According to press reports this week, the Ministry of Defence has issued a warning to Royal Navy and RAF maintenance personnel who worked on Sea King helicopters that they may have come into contact with asbestos.
The warning follows an official report into the death of an Australian serviceman which attributes his death to exposure to asbestos, petrol or other toxins while working on a naval base.
Petty Officer Greg Lukes, an avionics technician who maintained Sea Kings in New South Wales, died from cancer in 2014.
The press reports that the MoD confirmed it had launched an urgent operation to remove parts containing asbestos from its Sea Kings and military stores. It also warned foreign governments who have bought the helicopters.
Sea Kings came into service in the UK in the late 1960s and have been used in Northern Ireland, Iraq and Afghanistan primarily in search and rescue efforts.
"The worry is of course that engineers who worked on the helicopters years ago may only now be affected by this terrible disease and may not immediately realise where they were exposed.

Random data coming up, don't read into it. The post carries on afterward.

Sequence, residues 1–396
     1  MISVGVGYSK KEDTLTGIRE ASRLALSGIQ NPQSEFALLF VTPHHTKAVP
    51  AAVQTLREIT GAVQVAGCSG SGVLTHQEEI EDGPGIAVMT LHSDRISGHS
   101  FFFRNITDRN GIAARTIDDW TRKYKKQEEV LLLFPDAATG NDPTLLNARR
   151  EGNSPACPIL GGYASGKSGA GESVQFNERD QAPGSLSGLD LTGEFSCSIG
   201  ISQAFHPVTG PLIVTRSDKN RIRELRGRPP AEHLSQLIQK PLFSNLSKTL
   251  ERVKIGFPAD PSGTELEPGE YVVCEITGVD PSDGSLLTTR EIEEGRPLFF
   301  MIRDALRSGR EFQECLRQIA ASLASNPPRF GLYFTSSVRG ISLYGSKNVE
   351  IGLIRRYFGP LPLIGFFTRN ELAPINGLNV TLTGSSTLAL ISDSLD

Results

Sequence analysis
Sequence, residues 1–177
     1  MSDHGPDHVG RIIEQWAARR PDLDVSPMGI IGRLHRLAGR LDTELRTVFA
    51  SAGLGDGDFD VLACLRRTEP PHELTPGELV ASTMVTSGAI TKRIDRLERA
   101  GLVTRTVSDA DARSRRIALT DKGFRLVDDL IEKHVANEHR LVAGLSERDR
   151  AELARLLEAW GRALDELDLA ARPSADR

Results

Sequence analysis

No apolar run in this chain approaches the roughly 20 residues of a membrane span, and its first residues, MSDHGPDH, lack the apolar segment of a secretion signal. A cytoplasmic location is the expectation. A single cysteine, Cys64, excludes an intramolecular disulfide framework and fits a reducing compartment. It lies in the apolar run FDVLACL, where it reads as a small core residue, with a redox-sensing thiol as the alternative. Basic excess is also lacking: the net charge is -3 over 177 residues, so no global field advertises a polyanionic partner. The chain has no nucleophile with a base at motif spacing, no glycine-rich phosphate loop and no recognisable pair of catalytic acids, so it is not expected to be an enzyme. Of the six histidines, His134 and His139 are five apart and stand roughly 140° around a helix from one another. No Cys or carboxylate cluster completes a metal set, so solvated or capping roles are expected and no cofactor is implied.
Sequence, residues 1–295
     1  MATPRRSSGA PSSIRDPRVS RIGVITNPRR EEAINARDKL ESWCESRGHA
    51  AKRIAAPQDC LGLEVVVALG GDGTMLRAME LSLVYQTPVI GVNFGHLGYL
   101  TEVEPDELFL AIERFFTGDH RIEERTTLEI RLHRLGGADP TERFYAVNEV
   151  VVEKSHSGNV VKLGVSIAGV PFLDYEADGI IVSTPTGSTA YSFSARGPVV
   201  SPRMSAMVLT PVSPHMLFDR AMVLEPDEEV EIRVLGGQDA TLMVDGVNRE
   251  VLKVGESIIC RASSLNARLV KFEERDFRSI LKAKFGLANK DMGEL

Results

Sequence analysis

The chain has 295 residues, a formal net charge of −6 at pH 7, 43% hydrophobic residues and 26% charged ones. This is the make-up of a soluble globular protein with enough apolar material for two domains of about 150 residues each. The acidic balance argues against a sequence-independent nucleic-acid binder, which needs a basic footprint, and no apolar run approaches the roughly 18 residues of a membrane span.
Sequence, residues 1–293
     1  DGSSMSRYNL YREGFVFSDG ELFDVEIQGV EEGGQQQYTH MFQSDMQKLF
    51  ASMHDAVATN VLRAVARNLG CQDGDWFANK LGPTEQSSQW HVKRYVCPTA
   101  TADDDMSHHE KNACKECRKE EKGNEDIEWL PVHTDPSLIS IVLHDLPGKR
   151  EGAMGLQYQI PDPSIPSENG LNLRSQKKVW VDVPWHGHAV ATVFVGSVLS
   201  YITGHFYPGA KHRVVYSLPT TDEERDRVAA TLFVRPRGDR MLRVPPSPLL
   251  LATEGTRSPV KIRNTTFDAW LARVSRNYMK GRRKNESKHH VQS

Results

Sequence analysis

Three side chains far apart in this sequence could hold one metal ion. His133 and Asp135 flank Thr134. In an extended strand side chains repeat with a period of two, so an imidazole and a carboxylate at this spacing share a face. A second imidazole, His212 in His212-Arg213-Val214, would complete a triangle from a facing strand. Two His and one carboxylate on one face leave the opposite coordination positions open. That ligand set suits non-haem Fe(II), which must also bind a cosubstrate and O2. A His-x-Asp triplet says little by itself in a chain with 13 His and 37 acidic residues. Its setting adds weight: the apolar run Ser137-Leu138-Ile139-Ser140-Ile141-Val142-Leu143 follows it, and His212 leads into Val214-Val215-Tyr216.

"It may be that people affected while working on the helicopters can claim compensation from the MOD, which has a duty of care to protect its employees.
"I'm very concerned that military personnel may have unknowingly been exposed to asbestos in the course of their work."
The dangers of asbestos became widely accepted in the 1960s and 70s primarily in the building and construction industries. The UK has one of the worst records of mesothelioma deaths in the world because the UK government permitted the use of asbestos long after other countries had banned it.
The use of blue and brown asbestos, the most dangerous forms, was banned in the UK in 1985. In Sweden, for example, the use of asbestos for insulation was banned in 1972.
Image credit: Sea King helicopter cc-by-sa/2.0 - © William Starkey - geograph.org.uk/p/4091296
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